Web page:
Character driven, with well developed characters and a nice writing style and voice. I can't wait to read the rest of her backlist.
*edited* to correct "dying" to "dieing", the poor man thought he was near death not changing colors--LOL
Tuesday, April 3
|You Should Be a Romance Novelist|
You see the world as it should be, and this goes double for all matters of the heart.
You can find the romance in any situation, and you would make a talented romance story writer...
And while you may be a traditional romantic, you're just as likely to be drawn to quirky or dark love stories.
As long as it deals with infatuation, heartbreak, and soulmates - you could write it.
But evenings are mine and I'm going to make a good dent in that TBR pile. Right now I'm reading the new Jane Feather.
Have a good one and happy reading.
Sunday, April 1
Your Mouth Drives Me Crazy by HelenKay Dimon has incredibly dialogue and banter. I'm a huge fan of really good realisitic dialogue, and HelenKay more than hits that mark for me. Put it on your June wish list.
Nefertiti a novel by Michelle Moran is a must read for any lover of historical fiction, an amazing, interesting and entertaining view of Ancient Egypt. A July hardcover release, and even though I've an ARC I still plan to get this one in hardcover.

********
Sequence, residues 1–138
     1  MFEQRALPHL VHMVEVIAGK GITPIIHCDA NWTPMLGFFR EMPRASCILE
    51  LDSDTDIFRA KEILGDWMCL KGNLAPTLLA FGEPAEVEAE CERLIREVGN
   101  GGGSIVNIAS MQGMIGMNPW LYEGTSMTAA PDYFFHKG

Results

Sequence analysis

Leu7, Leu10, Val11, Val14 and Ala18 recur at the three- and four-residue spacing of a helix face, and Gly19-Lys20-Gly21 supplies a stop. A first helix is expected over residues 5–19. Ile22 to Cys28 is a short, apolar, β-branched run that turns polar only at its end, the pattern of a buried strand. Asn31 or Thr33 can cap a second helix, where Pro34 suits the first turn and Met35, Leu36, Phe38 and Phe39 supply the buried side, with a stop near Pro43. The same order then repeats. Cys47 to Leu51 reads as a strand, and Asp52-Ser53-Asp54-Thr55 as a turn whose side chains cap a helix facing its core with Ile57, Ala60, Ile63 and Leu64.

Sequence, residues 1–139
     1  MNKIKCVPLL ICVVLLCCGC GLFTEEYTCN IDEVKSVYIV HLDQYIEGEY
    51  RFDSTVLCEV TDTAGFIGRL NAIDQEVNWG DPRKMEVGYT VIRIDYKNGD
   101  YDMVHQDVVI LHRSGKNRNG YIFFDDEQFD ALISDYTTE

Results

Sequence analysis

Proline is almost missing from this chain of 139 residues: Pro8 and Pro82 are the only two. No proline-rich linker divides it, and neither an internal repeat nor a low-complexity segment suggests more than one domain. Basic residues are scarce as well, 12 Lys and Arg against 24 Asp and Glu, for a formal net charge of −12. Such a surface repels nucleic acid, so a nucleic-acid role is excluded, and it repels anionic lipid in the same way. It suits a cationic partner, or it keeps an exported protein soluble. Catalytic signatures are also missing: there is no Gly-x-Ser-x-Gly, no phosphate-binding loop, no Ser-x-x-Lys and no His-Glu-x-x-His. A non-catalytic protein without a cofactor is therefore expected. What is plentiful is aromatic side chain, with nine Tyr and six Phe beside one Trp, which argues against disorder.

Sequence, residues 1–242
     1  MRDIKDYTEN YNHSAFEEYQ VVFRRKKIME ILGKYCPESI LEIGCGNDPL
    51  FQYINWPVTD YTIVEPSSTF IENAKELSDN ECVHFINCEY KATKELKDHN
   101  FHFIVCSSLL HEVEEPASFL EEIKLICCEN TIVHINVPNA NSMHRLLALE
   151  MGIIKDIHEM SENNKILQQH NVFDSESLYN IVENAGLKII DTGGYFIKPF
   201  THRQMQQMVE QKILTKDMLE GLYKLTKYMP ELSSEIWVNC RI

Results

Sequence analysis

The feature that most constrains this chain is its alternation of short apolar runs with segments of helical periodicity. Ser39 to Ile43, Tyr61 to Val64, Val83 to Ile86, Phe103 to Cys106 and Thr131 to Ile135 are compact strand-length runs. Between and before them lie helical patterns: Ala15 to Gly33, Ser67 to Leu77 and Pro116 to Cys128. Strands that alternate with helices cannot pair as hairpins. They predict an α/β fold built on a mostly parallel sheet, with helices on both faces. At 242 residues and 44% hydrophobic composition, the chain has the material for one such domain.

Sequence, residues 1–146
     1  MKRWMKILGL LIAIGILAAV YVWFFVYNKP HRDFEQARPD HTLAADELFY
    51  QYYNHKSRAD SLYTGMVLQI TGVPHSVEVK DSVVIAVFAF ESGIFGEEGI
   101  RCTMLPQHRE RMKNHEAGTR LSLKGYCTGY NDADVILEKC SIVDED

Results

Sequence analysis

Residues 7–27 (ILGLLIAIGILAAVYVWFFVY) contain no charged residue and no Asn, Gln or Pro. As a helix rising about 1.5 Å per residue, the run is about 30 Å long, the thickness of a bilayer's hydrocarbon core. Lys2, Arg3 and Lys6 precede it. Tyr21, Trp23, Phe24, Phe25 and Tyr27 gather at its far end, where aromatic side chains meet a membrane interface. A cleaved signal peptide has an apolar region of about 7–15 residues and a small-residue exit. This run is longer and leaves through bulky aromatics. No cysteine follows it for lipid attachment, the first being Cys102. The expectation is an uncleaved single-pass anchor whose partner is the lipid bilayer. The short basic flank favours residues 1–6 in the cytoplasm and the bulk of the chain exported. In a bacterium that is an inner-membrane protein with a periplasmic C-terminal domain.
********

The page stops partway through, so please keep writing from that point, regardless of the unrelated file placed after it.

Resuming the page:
Book number three is Nalini Singh's Visions of Heat.
From the PublisherI liked this book, but not as much as most of the other reviewers/commentators out on blogland. I prefered Slave to Sensation. I really enjoyed interaction between Faith and Vaughn, but found all the different "Net" stuff becoming mind numbing in detail--I'm not a techie and these parts didn't hold my attention. Faith is an interesting character, she's been completely cut off from her own society and other people in general for all of her life, so all the changes in her and her surroundings were life threatening for her and yet she's strong enough to take the chance to leave everything she's known. I found the interaction between her and her father very telling. Are the Psy really Silent or does the Council only think they are?